But what of a work that resists the critical apparatus to such a degree that even failure itself seems out of reach? What of a text that begins to dissipate at the merest suggestion of a thesis, an angle? Enter João Gilberto Noll’s 1991 mid-career effort, Quiet Creature on the Corner, a work of sustained resistance to interpretation, a literary Rorschach blot that swells until the ink itself subsumes the sky. If a synopsis of the narrative reads plainly enough—an unemployed poet, after being thrown in jail for rape, is mysteriously taken to a countryside manor where all of his needs are met—the effect of its unfolding is anything but. This is a book of black humor and surreal menace, and thus, perhaps inevitably, it will be compared to the work of David Lynch and Franz Kafka. I find these comparisons tenuous at best. They have become reflexive critical responses to any aesthetic of lurid unreality. In Noll, I find neither the grace of Kafka’s harrowing logic, nor the disquiet of Lynch’s curtained repressions. There is something else going on in Quiet Creature, something that locates its existential terror not in the apprehension of dream—or at least not exclusively—but rather in the intensification of the mundane, the cruelty that lurks beneath banal reality.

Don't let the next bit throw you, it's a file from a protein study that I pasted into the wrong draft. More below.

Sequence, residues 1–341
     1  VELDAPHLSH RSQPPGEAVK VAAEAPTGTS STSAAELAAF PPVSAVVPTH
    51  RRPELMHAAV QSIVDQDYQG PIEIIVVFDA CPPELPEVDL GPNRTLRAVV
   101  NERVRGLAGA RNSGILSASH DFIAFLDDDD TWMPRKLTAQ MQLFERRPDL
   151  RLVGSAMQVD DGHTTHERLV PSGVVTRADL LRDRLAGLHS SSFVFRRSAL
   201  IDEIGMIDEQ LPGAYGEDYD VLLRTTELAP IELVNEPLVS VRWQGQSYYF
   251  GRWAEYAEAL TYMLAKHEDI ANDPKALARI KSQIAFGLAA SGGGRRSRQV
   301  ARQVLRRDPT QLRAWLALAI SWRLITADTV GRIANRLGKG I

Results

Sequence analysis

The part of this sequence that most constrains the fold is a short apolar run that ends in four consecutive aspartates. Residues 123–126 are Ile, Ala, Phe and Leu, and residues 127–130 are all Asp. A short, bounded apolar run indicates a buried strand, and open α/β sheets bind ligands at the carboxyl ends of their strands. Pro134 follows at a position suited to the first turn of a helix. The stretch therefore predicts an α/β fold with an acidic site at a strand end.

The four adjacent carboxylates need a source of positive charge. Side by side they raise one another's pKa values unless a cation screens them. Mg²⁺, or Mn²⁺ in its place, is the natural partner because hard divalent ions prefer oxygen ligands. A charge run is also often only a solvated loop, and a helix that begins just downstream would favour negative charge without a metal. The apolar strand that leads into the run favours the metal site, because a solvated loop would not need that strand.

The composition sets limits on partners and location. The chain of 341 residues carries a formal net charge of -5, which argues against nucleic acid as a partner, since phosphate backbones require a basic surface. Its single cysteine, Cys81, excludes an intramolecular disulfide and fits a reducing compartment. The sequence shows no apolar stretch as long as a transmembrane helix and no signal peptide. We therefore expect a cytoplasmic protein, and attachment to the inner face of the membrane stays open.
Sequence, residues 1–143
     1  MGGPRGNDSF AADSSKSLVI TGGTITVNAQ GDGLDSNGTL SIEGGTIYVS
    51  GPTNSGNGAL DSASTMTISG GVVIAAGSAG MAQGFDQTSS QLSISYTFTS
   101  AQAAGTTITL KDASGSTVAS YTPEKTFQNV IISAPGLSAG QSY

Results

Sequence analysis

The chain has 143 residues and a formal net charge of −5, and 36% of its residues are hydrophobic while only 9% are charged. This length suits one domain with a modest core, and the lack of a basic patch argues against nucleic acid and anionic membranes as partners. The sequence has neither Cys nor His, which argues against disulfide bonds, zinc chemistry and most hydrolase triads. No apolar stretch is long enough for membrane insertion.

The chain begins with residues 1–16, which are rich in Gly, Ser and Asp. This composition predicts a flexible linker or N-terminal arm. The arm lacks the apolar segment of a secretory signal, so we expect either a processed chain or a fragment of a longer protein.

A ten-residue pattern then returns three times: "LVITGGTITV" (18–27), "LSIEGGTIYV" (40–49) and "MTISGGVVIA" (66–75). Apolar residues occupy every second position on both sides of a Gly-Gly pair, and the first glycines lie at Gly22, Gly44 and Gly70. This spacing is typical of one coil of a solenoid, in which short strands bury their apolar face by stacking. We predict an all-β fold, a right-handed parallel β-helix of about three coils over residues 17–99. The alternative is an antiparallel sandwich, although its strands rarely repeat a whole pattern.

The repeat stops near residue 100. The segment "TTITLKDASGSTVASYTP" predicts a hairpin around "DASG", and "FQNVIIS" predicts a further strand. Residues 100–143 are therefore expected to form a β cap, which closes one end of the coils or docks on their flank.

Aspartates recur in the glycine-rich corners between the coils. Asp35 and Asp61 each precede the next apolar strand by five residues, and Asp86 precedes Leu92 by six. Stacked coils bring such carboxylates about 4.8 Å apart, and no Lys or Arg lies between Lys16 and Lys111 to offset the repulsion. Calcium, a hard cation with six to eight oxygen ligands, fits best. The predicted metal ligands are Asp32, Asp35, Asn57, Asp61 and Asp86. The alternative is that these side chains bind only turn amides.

João Gilberto Noll
If that sounds farfetched for such a profoundly strange novel, consider the lingering concerns of our protagonist: the passing of time, the body, sex, fatherhood, art, the urban environment. They are nothing if not familiar, made revelatory only insofar as Noll is able to inflate them, to expand their fundamental capacities. Take, for instance, the book’s curiously accelerated process of aging (a natural enough anxiety for a nineteen-year old poet): “Kurt had gotten even older, I could see that now. How? I wondered, and shook my head without understanding this strange dose of aging.” This example is, I think, indicative of a larger field of anxiety surrounding the body, one whose leaking, failing, excreting reality Noll intensifies to great (and often disorienting) effect. Our poet regularly finds himself “collapsing,” “trembling,” “screaming,” “swimming,” “swallowing.” His sex with the mysterious Naira is referred to as “a drowning wetness”; as they fuck in the mud, “it felt like she was pissing on [his] hard-on the whole time.” As in Max Blecher’s Adventures in Immediate Irreality, the amplification of the body and its functions can lead to either metaphysical dissolution or physical revelation: